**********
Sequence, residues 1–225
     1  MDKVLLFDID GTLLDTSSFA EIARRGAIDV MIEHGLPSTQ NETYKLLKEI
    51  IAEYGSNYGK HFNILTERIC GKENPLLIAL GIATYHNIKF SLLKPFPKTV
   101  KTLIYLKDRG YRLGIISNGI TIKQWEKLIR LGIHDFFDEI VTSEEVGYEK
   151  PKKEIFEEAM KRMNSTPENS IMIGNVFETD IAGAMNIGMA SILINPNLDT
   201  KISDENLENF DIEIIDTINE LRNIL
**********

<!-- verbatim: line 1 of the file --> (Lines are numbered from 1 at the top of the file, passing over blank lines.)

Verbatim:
Sequence, residues 1–225